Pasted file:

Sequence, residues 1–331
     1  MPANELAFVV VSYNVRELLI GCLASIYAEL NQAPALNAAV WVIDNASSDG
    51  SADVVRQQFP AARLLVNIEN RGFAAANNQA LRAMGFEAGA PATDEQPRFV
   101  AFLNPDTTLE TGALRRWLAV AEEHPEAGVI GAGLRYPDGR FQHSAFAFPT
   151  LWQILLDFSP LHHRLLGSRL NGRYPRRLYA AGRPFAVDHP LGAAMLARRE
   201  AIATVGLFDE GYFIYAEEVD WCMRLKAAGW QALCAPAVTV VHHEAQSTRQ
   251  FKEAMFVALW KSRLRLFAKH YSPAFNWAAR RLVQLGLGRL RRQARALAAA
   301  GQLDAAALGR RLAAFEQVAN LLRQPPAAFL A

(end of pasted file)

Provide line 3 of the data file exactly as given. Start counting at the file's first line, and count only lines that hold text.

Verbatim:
    51  SADVVRQQFP AARLLVNIEN RGFAAANNQA LRAMGFEAGA PATDEQPRFV